Pro C Tutorial

Introduction

Embedded SQL is a method of combining the computing power of a high-level language like C/C++ and the database manipulation capabilities of SQL. It allows you to execute any SQL s

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Statement from an application program. Oracle's embedded SQL environment is called Pro* C.

How to Compile a Pro*C program

A Pro*C program is compiled in two steps.

First, the Pro*C precompiler recognizes the SQL statements embedded in the program, and replaces them with appropriate calls to the functions in the SQL runtime library.

proc file.pc
this will build file.c and file.lis.

The output is pure C/C++ code with all the pure C/C++ portions intact. Then, a regular C/C++ compiler is used to compile the code and produces the executable.

gcc -o file file.c

Pro*C Syntax

SQL

All SQL statements need to start with EXEC SQL and end with a semicolon ";". You can place the SQL statements anywhere within a C/C++ block, with the restriction that the declarative statements do not come after the executable statements.

Example

    {
        int a;
        /* ... */
        EXEC SQL SELECT salary INTO :a
                 FROM Employee
                 WHERE SSN=876543210;
        /* ... */
        printf("The salary is %d\n", a);
        /* ... */
    }

Preprocessor Directives

The C/C++ preprocessor directives that work with Pro*C are #include and #if. Pro*C does not recognize #define. For example, the following code is invalid:

Example

    #define THE_SSN 876543210
    /* ... */
    EXEC SQL SELECT salary INTO :a
             FROM Employee
             WHERE SSN = THE_SSN;    /* INVALID */

Statement Labels

You can connect C/C++ labels with SQL.

Example

EXEC SQL WHENEVER SQLERROR GOTO error_in_SQL;
    /* ... */
error_in_SQL:
    /* do error handling */

Host Variables

Basics

Host variables are the key to the communication between the host program and the database. A host variable expression must resolve to an lvalue (i.e., it can be assigned). You can declare host variables according to C syntax, as you declare regular C variables. The host variable declarations can be placed wherever C variable declarations can be placed. The C datatypes that can be used with Oracle include:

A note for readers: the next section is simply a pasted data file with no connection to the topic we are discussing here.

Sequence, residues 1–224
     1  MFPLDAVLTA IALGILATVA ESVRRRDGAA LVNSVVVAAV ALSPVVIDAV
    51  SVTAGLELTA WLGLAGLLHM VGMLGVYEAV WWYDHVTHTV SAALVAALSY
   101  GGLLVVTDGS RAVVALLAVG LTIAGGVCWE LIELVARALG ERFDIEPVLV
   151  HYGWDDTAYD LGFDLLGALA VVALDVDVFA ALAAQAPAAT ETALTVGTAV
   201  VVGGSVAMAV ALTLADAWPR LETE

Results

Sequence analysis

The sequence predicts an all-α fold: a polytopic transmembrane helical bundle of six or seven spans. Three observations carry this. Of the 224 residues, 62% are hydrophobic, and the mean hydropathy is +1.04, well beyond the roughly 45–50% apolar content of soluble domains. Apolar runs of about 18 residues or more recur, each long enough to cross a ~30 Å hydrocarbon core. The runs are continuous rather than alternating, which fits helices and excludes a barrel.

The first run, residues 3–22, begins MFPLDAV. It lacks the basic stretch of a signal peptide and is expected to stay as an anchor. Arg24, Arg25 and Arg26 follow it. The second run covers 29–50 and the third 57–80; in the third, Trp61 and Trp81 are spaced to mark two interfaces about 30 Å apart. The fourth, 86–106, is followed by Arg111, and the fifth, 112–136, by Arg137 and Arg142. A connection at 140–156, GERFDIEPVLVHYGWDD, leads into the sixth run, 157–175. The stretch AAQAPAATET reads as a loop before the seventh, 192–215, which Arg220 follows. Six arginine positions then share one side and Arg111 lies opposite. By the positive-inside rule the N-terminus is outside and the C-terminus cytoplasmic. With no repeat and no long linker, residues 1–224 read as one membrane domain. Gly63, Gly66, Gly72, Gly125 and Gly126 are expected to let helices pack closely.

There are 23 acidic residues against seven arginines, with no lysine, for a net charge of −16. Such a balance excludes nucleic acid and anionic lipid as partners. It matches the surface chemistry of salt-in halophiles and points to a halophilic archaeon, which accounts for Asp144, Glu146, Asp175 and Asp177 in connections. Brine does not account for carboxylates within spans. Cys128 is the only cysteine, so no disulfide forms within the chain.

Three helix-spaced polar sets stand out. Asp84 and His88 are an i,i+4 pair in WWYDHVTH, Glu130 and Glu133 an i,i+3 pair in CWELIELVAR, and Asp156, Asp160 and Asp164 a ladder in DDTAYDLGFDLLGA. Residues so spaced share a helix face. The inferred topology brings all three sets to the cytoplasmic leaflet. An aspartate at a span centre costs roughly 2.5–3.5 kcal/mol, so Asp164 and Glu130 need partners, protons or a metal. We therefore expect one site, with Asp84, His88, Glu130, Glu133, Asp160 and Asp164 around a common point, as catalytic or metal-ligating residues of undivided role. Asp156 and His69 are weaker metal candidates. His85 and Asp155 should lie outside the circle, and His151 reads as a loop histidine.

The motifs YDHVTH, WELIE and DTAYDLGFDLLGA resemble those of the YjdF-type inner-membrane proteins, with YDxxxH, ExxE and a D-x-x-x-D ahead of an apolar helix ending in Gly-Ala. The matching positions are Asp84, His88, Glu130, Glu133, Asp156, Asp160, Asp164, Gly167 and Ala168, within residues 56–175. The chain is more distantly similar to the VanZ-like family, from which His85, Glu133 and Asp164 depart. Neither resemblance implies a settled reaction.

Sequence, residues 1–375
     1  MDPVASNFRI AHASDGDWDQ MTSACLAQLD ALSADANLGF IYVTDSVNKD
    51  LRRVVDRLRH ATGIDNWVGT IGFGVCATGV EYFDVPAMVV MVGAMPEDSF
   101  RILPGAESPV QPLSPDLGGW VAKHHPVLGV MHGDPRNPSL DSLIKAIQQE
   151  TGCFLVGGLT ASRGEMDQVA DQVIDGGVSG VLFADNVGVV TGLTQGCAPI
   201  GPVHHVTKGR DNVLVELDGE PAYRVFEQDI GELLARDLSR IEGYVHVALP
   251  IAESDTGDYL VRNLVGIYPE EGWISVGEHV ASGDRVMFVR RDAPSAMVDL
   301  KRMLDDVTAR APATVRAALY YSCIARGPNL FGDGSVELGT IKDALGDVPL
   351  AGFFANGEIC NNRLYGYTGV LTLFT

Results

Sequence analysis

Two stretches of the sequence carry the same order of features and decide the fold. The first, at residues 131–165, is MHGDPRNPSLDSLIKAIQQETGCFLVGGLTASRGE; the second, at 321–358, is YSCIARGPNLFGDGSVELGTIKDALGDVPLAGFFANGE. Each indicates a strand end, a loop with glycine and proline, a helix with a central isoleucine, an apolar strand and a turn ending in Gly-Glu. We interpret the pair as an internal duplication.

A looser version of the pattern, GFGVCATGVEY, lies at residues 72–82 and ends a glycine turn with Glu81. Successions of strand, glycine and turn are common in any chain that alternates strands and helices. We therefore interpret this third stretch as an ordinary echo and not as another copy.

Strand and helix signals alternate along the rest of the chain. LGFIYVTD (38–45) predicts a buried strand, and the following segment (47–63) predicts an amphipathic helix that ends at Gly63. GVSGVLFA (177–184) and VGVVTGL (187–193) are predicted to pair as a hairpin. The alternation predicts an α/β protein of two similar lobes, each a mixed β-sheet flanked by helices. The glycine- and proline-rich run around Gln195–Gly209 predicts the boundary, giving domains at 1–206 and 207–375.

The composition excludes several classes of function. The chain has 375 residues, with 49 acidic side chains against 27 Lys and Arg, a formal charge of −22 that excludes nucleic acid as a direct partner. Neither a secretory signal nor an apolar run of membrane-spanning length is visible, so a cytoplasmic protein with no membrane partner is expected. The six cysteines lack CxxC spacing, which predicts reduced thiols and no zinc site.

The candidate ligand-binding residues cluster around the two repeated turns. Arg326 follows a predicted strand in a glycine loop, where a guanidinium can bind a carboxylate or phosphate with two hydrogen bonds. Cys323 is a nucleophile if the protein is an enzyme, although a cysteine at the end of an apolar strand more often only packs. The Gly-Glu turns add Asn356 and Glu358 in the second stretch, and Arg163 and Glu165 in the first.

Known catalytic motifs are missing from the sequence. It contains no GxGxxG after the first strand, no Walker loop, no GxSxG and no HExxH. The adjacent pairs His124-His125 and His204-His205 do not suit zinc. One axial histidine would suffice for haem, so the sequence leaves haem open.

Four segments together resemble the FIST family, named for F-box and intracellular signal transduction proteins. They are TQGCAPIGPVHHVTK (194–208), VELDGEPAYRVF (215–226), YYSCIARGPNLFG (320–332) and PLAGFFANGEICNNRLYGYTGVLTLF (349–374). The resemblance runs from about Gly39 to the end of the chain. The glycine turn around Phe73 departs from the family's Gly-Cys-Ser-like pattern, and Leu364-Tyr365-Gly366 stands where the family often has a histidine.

• char
  • char[n]
  • int
  • short
  • long
  • float
  • double
  • VARCHAR[n] - This is a pseudo-type recognized by the Pro*C precompiler. It is used to represent blank-padded, variable-length strings. Pro*C precompiler will convert it into a structure with a 2-byte length field and a n-byte character array.

You cannot use register storage-class specifier for the host variables.

A host variable reference must be prefixed with a colon ":" in SQL statements, but should not be prefixed with a colon in C statements. When specifying a string literal via a host variable, the single quotes must be omitted; Pro*C understands that you are specifying a string based on the declared type of the host variable. C function calls and most of the pointer arithmetic expressions cannot be used as host variable references even though they may indeed resolve to lvalues. The following code illustrates both legal and illegal host variable references:

Example

int deptnos[3] = { 000, 111, 222 };
int get_deptno() { return deptnos[2]; }
int *get_deptnoptr() { return &(deptnos[2]); }
 
int main() 
{
    int x; char *y; int z;
    /* ... */
    EXEC SQL INSERT INTO emp(empno, ename, deptno)
        VALUES(:x, :y, :z);         /* LEGAL */
    EXEC SQL INSERT INTO emp(empno, ename, deptno)
        VALUES(:x + 1,              /* LEGAL: the reference is to x */
               'Big Shot',          /* LEGAL: but not really a host var */
               :deptnos[2]);        /* LEGAL: array element is fine */
    EXEC SQL INSERT INTO emp(empno, ename, deptno)
        VALUES(:x, :y,
               :(*(deptnos+2)));    /* ILLEGAL: although it has an
lvalue */
    EXEC SQL INSERT INTO emp(empno, ename, deptno)
        VALUES(:x, :y,
               :get_deptno());      /* ILLEGAL: no function calls */
    EXEC SQL INSERT INTO emp(empno, ename, deptno)
        VALUES(:x, :y,
               :(*get_depnoptr())); /* ILLEGAL: although it has an lvalue */
    /* ... */
}

Pointers